Australia, May 20, 2013: The Australian Federal Police (AFP) is urged all Australian internet users to improve their online security to protect themselves against cybercrime as part of National Cyber Security Awareness Week. Good cyber security is about having the appropriate security measures in place on your system and taking simple steps to ensure your online experience is a safe one. AFP National Manager High Tech Crime Operations Tim Morris said cyber security education is important because the internet has increasingly become part of our daily lives. National Cyber Security Awareness Week (20-24 May) is an Australian Government initiative, held annually in partnership with industry, community and consumer groups, and state and territory governments. As part of the week, the AFP also attended the AusCERT Information Security Conference to talk about cybercrime investigations.
USA, May 21, 2013: Suicide attempts that required treatment were more than three times as likely in teenagers who reported being bullied online, compared with youths who were not bullied, an analysis of federal data on more than 15,000 adolescents found. Girls faced twice as much electronic bullying as boys. Cyberbullying was reported by 22% of girls and 11% of boys, according to the study of data on teens aged 13-18 years from the Centers for Disease Control and Prevention’s 2011 Youth Risk Behavior Survey, the first of its kind to ask questions about cyberbullying. Among 13 to 17 year olds, an estimated 12% have had suicidal thoughts, 4% plan suicide, and another 4% attempt suicide, rates that are now similar to those in adults, the report noted. The effects of online harassment on suicidal risk may be one reason that suicide is now the third leading cause of death in adolescents, behind accidents and homicides. The study also found that one in six teens reported being electronically bullied, compared with one in five who said they had been bullied on school grounds. Almost 6% of high school students said they had missed school because of fears for their safety. The rate of conventional offline bullying, such as harassment in the schoolyard, was 22% for girls (the same rate as online bullying) and 18% for boys (higher than the 11% rate for cyberbullying), reported Dr Kindrick, a fourth-year resident in psychiatry at the University of Arkansas for Medical Sciences, who was moved to do the study after a young patient killed herself following cyberbullying.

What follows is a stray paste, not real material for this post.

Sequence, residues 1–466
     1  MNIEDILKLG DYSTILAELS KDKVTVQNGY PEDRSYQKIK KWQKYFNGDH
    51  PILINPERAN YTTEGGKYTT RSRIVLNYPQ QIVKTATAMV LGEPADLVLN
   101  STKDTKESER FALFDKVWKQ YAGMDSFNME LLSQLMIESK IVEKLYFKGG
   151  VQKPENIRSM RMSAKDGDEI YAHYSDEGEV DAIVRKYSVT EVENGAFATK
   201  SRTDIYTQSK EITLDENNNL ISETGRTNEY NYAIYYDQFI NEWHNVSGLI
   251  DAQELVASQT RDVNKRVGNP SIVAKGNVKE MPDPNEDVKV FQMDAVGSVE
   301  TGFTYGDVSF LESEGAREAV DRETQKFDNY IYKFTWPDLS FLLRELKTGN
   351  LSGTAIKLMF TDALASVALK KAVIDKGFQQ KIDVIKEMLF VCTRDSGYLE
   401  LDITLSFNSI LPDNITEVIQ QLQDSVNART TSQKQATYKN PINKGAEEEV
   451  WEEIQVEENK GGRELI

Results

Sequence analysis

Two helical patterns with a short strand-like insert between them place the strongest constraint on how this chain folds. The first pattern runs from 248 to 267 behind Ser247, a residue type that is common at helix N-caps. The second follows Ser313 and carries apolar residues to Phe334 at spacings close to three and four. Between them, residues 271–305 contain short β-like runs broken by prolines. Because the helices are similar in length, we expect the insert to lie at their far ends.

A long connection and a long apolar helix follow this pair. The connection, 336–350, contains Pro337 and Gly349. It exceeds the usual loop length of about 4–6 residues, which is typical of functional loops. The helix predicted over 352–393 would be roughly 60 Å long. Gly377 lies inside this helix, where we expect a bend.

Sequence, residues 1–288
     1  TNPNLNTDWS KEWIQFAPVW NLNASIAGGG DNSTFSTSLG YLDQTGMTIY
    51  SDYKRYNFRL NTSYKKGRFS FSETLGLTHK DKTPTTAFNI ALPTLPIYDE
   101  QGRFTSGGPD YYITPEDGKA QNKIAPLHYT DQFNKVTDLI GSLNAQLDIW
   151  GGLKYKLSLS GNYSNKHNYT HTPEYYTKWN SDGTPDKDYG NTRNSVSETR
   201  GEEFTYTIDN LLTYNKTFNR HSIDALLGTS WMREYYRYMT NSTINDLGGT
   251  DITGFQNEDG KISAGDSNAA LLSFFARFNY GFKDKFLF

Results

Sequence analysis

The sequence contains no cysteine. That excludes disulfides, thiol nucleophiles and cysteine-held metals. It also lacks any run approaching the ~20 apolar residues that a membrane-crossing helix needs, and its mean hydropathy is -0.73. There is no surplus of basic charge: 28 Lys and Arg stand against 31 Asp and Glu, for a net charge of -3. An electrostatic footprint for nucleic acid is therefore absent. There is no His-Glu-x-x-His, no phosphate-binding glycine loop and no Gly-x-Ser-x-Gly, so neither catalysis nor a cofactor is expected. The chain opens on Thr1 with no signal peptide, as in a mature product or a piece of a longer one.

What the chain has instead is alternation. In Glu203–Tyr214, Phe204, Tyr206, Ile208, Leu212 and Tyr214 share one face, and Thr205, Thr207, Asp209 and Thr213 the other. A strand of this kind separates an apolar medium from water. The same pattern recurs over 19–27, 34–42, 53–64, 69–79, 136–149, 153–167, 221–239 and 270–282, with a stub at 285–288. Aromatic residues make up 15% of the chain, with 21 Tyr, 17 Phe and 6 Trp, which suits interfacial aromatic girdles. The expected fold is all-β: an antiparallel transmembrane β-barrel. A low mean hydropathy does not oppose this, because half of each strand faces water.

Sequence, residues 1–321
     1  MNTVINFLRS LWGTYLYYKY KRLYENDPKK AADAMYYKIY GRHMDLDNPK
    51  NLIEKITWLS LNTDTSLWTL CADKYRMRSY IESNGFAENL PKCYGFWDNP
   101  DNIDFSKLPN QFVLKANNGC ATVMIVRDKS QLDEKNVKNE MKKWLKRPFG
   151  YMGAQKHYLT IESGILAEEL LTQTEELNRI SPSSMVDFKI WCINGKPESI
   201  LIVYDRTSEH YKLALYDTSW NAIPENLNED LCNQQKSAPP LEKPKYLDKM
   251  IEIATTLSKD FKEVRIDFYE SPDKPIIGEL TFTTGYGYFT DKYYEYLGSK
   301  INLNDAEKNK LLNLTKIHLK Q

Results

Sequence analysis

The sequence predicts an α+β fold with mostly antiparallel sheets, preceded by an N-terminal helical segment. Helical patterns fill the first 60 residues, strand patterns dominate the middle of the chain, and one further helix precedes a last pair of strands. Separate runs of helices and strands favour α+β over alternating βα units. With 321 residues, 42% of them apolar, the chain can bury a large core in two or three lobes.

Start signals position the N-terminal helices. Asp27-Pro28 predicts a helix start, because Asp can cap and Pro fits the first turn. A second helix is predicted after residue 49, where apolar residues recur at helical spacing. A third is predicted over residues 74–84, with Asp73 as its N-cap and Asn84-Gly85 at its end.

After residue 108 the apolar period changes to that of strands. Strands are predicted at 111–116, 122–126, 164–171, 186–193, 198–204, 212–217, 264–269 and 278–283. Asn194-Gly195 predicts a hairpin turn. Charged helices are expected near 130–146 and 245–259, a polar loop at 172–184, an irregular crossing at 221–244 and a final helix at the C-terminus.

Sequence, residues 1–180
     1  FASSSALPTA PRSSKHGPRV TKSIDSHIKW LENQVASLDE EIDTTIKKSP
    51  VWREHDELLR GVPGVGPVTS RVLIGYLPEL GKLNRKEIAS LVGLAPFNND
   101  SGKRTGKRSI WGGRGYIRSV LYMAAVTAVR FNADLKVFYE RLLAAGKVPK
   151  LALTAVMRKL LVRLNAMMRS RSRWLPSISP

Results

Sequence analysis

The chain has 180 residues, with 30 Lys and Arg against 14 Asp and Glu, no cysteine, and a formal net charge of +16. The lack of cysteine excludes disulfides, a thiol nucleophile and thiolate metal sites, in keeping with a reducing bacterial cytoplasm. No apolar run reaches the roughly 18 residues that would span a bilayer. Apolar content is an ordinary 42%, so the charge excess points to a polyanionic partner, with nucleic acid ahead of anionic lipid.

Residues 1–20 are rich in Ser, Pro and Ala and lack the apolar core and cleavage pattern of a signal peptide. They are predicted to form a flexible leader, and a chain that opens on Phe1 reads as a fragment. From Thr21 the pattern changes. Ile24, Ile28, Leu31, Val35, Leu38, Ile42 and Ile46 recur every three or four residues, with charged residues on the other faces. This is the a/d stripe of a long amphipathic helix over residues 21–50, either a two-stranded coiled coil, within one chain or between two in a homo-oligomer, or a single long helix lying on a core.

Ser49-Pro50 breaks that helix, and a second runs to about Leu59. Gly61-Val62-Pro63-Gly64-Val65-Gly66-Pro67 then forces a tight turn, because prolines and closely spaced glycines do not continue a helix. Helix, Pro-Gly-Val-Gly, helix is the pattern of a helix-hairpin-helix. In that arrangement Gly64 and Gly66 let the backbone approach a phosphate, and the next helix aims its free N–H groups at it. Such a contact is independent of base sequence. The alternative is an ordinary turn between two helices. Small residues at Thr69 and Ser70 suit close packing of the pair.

Australia, May 23, 2013: Adults will face jail if they lie about their age on social media or internet chat rooms in order to meet children, under draft legislation before the Australian federal parliament. Independent Senator Nick Xenophon drafted ‘Carly’s Law’ after a 15-year-old Adelaide girl was murdered in 2007 by a 50 year old man who had posed as a young musician. Mr Xenophon said existing laws required prosecutors to prove adults who groomed children online had a sexual purpose: “If you are lying about your age to a child and you want to meet them, that needs to be an offence.” He continued: “Police have one hand tied behind their backs because they need to prove sexual intent. This (law) would mean police can intervene at an earlier stage – that will save kids from abuse.” The federal Attorney-General’s Department agrees, telling a Senate inquiry into the legislation that “…this offence may be easier to investigate and prosecute than existing grooming and procuring offences…allowing law enforcement agencies to intervene…before proof of sexual or other illicit intention is apparent”.
USA, May 23, 2013: A long list of executives, from technology and mobile companies across the nation, met in Washington, DC this week to speak with congressional officials and advocate for privacy protection, job creation and education. One of those executives was Robert Ferrari, a former vice president at Turbine Inc (now WB Games), and founder of Bare Tree Media. Ferrari said he and other executives met with officials in Congress and the Federal Trade Commission to not only offer support for the Children’s Online Privacy Protection Act (COPPA), but also for science, technology, engineering and mathematics (STEM) education. Ferrari, who was joined by Scott Weiner, president of Weiner Family Studios, a founding member of Moms With Apps and Ted Collins, CTO of Playrific, said he participated in the event so that lawmakers and regulators hear the voices of small business owners such as himself. With the help of the Association for Competitive Technology (ACT), a national advocacy and education organisation in Washington DC representing more than 5,000 small and mid-size app developers and IT firms, Ferrari was able to meet with the FTC Commissioner Julie Brill, Senator Elizabeth Warren’s staff, and Congressman Joe Kennedy’s staff to discuss COPPA.
USA, May 23, 2013: Legislation was passed by the New York Senate on Wednesday that will now increase the punishment for those who commit sex crimes against children that the individual was trusted with. The bill was sponsored by Senate Majority Coalition Leader Dean G Skelos, and makes sexual assault against a child by a person in a position of trust a new category of crime, which can be classified in the first, second, and third degrees. According to the bill, if an individual in a position of trust sexually assaults a child, they will face up to 15 years in prison. This is a much higher penalty than the penalty for those who commit sexual crimes against children who were not in a position of trust. Positions of trust are considered ones in which a person is “charged with any duty or responsibility for the health, education, welfare or supervision of a child, either independently or through another person.”